Manipulating your neck could lead to a stroke
Manipulating your neck is supposed to relieve pain, not cause it. But years ago neurologists noticed a strange pattern of people suffering strokes shortly after seeing chiropractors, specifically for neck adjustments.
Their hypothesis was that a chiropractic technique called cervical spinal manipulation, involving a forceful twisting of the neck, could damage two major arteries that lead through the neck to the back of the brain. Strokes in people under age 45 are relatively rare, but these cervical arterial dissections are a leading cause for them.
Studies that followed suggested a link. One at Stanford that surveyed 177 neurologists found 55 patients who suffered strokes after seeing chiropractors. Another, published in the journal ‘Neurologist’, said young stroke patients were five times more likely to have had neck adjustments within a week of their strokes than a control group. It estimated an incidence of 1.3 cases for every 100,000 people under 45 receiving neck adjustments.
But other studies have cast doubt. One published this year examined 818 cases of stroke linked to arterial dissections at the back of the neck. Before their strokes, younger patients who saw chiropractors were more likely to have complained beforehand of head and neck pain—symptoms often preceding a stroke—suggesting they had undiagnosed dissections and had sought out chiropractors for relief, not realizing a stroke was imminent.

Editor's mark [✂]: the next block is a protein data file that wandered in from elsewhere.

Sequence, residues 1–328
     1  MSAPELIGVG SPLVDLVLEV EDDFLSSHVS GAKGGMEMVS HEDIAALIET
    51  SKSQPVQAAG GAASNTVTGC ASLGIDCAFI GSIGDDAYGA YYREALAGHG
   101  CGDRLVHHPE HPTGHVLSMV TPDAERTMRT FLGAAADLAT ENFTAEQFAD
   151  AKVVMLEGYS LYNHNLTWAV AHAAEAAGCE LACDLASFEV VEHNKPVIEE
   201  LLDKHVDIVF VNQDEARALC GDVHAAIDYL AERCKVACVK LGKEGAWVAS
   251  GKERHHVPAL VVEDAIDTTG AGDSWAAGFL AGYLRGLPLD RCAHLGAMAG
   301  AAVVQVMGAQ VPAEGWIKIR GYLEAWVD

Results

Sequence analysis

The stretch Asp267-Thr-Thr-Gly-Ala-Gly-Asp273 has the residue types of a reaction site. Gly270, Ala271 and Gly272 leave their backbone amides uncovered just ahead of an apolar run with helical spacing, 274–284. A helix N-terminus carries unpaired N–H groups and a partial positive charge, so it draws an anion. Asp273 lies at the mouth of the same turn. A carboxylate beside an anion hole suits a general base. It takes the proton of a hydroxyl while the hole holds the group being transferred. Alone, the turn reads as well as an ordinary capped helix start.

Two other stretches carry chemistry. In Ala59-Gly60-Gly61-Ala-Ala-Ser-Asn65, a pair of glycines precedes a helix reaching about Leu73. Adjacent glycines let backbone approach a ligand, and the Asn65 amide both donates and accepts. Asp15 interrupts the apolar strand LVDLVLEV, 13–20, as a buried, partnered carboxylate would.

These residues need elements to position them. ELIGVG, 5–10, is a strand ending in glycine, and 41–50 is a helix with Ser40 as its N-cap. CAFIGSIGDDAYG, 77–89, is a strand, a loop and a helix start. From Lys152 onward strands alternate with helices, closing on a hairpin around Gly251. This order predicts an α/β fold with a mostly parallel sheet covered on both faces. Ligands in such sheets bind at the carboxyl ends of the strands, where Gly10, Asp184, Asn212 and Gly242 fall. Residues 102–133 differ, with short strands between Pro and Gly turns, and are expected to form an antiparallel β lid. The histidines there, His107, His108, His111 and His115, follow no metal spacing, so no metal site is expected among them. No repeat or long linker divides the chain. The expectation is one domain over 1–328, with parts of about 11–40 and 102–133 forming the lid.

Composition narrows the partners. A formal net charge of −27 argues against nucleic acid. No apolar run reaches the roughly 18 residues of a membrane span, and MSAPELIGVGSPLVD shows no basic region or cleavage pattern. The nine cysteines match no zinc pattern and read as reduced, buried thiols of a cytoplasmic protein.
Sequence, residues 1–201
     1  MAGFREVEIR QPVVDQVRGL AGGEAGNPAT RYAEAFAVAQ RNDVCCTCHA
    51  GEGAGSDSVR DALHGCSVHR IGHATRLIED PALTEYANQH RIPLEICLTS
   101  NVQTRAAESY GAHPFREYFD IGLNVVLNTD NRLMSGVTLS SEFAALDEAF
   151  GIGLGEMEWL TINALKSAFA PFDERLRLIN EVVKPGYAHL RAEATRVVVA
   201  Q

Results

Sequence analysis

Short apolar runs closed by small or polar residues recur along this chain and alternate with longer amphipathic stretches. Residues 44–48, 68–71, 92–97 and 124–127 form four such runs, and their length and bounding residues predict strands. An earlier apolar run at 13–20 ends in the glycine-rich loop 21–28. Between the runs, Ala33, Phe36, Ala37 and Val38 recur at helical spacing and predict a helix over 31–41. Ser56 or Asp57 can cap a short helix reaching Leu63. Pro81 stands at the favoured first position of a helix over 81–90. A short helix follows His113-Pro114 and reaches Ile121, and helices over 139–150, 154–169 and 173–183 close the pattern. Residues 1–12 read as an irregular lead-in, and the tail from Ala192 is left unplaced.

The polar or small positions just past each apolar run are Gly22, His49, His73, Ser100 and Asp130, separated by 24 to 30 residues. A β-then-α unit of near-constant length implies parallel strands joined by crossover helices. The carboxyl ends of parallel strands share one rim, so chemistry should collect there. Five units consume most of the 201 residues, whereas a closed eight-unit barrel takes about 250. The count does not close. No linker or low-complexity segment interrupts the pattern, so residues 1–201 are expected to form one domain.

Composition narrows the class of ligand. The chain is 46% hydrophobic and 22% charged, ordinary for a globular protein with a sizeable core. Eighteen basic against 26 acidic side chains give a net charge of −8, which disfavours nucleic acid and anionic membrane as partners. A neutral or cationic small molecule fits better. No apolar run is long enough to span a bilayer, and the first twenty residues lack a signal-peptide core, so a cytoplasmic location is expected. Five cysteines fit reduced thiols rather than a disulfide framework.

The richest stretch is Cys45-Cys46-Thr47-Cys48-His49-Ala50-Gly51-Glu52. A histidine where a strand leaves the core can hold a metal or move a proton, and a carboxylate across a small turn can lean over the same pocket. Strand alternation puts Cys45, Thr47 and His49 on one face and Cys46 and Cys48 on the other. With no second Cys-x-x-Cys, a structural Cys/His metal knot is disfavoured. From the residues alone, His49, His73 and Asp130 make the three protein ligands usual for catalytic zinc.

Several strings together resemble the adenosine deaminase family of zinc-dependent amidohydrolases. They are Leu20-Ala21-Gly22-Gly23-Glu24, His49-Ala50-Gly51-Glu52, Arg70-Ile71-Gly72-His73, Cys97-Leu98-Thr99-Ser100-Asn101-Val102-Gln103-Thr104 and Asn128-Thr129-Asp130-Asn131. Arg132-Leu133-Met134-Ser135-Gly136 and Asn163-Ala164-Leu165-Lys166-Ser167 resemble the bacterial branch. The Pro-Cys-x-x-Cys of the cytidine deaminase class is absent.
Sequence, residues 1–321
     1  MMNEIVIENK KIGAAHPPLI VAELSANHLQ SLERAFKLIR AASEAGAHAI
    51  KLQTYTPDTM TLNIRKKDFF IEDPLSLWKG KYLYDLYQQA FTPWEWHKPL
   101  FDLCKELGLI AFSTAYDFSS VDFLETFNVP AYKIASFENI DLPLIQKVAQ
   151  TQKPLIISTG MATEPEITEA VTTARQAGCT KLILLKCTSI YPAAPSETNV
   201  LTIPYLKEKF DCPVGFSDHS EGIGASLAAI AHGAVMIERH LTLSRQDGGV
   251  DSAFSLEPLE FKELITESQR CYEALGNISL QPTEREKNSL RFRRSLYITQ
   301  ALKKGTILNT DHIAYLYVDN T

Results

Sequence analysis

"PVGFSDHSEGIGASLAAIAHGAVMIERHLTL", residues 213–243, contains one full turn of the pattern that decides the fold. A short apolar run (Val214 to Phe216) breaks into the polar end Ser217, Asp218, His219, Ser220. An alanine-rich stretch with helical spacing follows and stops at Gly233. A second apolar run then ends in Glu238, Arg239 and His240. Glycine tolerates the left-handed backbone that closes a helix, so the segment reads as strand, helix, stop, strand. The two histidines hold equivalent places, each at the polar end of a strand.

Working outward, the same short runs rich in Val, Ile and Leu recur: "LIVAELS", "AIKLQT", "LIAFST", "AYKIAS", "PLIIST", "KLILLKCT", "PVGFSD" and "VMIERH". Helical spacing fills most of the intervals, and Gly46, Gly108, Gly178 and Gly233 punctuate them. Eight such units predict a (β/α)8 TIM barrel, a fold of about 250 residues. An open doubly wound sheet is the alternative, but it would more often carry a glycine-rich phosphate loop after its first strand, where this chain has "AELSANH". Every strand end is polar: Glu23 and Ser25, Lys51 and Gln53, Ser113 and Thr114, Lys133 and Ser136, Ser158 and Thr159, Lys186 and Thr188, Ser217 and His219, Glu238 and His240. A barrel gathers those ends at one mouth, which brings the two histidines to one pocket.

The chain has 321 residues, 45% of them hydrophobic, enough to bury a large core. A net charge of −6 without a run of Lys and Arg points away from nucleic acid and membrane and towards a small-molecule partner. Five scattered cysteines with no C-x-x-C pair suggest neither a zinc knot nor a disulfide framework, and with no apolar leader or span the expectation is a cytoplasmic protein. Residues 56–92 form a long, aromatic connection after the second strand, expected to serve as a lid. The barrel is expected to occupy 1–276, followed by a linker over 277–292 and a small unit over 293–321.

The Bottom Line
Forceful neck manipulation seems to carry a small risk of arterial tears.
Morning sickness means a girl is more likely
Old wives’ tales about predicting a baby’s sex—relying on clues such as the way the woman carries and the fetal heart rate—are usually more fantasy than fact.
But the notion that morning sickness can sometimes indicate a girl is on the way may be an exception. A number of large studies in various countries have examined the claim, and almost all have found it to be true, with caveats. Specifically, studies have found that it applies to women with morning sickness in the first trimester, and with symptoms so severe that it leads to hospitalization, a condition known as hyperemesis gravidarum.
One of the most recent studies was conducted by epidemiologists at the University of Washington. The scientists compared 2,110 pregnant women who were hospitalized with morning sickness in their first trimester and a control group of 9,783 women who did not get severely ill. They found that the women in the first group were more likely to deliver a girl, and that those who were the sickest—hospitalized for three days or more—had the greatest odds: an increase of 80% compared with the control women.
Other studies in ‘The Lancet’ and the journal ‘Epidemiology’, among others, have repeated the findings. It is thought that certain hormones produced by female foetuses may be the culprit.
The Bottom Line
Severe morning sickness may indicate a higher likelihood that the baby will be a girl.
©2008/THE NEW YORK TIMES